For those of you who missed it the first time in 2006, or the second when it was ported to the Wii in 2008, or even the third time when it came to PS3 in 2012: Okami HD is an action-adventure RPG drawing from classic Japanese mythology and art.
Remade arty game
Prettier than it was before
I hope less awkward
Why start this article with a haiku? Because the subject pays tribute to traditional Japanese art, and I was implored not to begin with a video of me performing my one-man kabuki theatre show. Yes, PS2 classic and feast for the eyes Okami is again getting the re-release treatment on December 12th, this time in stunning HD and with 4k support on PS4, XBOX ONE and PC. And I for one am ruddy thrilled.
Okami’s gameplay is often compared to that of a traditional Zelda title, in that you will find yourself in towns taking side-quests from wacky characters, delving into monster and puzzle filled dungeons, and using the power-ups you find therein to open up new areas out in the wilderness.
So far so blah, right? So how did Okami win it’s critical acclaim? Well for a start, it does all these things very, very well. The characters you meet are utterly charming, the world is expansive and filled with things to do, and the novelty of the power-ups is one of the core concepts: the celestial paintbrush. Rather than collecting tools, spells, or weapons with which to solve puzzles, Amatertsu (that’s you, a wolf/sun god) discovers new brush techniques, allowing you to pause the game and paint on the screen like a canvas. Boulder blocking progress? Paint a bomb to blow it up. Something out of reach? Paint some squiggly wind lines to blow it down. Lonely? Paint me like one of your French girls to… ok maybe not, but you get the idea. And the lack of me naked wearing the heart of the ocean brings us to my next topic:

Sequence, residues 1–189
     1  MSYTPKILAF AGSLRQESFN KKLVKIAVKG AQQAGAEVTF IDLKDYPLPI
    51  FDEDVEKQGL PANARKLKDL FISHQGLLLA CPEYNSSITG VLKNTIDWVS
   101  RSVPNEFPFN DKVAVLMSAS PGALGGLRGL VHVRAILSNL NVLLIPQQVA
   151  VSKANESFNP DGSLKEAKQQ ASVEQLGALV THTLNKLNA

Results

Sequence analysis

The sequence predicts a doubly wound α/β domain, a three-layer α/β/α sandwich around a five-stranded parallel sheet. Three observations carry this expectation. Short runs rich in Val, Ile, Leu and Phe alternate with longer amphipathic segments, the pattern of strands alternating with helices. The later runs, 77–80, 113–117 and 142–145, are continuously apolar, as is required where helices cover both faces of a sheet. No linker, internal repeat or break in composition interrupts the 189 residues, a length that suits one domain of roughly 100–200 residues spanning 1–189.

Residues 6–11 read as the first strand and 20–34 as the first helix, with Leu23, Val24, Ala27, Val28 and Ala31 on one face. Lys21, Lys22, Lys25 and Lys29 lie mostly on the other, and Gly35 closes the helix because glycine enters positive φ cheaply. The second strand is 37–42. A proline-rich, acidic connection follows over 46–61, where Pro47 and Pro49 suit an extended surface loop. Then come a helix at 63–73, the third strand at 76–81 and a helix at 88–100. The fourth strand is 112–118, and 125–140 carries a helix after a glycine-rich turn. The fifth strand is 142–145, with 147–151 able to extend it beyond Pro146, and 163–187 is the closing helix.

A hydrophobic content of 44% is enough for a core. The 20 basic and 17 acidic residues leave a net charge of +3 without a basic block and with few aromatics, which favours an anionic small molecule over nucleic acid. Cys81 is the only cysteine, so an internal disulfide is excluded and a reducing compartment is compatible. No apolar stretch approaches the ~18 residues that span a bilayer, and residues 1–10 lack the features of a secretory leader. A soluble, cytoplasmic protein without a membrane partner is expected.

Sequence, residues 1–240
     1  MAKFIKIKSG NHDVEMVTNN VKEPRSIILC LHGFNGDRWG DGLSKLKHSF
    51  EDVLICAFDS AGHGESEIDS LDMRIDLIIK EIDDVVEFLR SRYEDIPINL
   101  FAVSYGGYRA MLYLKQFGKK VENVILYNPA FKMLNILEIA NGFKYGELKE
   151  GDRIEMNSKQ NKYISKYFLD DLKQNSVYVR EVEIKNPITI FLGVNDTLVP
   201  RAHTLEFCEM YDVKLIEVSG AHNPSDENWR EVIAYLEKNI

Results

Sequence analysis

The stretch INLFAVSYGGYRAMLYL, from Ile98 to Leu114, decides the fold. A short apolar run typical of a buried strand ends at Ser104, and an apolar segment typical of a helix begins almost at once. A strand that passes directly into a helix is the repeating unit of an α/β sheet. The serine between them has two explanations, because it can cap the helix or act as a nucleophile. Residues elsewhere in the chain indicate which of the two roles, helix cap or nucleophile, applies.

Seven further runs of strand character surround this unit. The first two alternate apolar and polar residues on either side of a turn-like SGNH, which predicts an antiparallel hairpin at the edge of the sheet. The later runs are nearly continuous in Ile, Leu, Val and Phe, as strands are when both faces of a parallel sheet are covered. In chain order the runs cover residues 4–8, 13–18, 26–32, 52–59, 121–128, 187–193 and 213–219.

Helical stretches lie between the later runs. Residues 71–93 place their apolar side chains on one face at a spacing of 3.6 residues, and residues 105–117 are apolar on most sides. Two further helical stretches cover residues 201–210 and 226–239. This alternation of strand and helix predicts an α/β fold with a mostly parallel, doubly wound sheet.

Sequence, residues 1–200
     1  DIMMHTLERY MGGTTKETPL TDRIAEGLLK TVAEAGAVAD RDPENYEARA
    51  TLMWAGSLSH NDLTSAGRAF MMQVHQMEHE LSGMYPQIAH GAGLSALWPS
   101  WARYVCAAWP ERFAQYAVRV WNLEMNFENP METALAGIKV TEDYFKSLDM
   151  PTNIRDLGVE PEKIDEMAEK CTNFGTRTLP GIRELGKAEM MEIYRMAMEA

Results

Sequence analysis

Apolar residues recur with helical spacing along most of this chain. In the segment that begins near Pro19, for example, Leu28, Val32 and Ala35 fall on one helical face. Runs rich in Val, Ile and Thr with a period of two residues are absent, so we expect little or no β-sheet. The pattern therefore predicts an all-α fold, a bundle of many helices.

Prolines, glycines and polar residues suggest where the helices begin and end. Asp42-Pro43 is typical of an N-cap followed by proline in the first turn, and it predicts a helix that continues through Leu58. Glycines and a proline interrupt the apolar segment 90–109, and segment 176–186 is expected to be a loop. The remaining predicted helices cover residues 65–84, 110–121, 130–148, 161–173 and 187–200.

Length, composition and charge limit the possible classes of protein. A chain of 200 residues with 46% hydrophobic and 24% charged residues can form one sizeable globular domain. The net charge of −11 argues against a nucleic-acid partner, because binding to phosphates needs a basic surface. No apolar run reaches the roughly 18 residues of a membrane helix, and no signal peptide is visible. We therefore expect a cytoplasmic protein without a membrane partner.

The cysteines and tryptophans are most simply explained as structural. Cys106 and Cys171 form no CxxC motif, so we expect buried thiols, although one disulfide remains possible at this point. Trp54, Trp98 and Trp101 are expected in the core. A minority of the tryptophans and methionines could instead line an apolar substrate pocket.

‘How can a port improve on such a perfect game?’ you ask me. And I laugh, bitterly. For all its beauty and ambition, Okami had some problems. On the PS2 you had to paint on the screen with the left analogue stick, and the lack of Bob Ross licensed console games might clue you in to the fact that this is less than elegant. I played Okami on the Wii port, which in my opinion handily fixed this problem using the pointer, but unfortunately most Wii developers were committed to including a motion control element even when it lacked all rhyme and reason, leading to more unnecessary invitations to ‘shake it’ than were issued by Andre ‘Ice Cold’ 3000 throughout the entirety of 2003. Combat requires precise timing to initiate combos, making the decision to assign the attack command to the shake input a senseless act of violence against this beautiful game and my poor wrists.
These control issues left previous versions of Okami beautiful and quirky, but clumsy, like a relatable female lead in a 90s chick-flick. I’m not alone in hoping they find a solution that does the other elements of this game justice, and in having some amount of trepidation about how the celestial brush mechanics will be implemented across the various platforms. That aside, I’m pumped that a game that did so much for the ‘games are art’ argument is getting a new lease on life, and for the chance to again immerse myself in this classic’s every masterful brushstroke.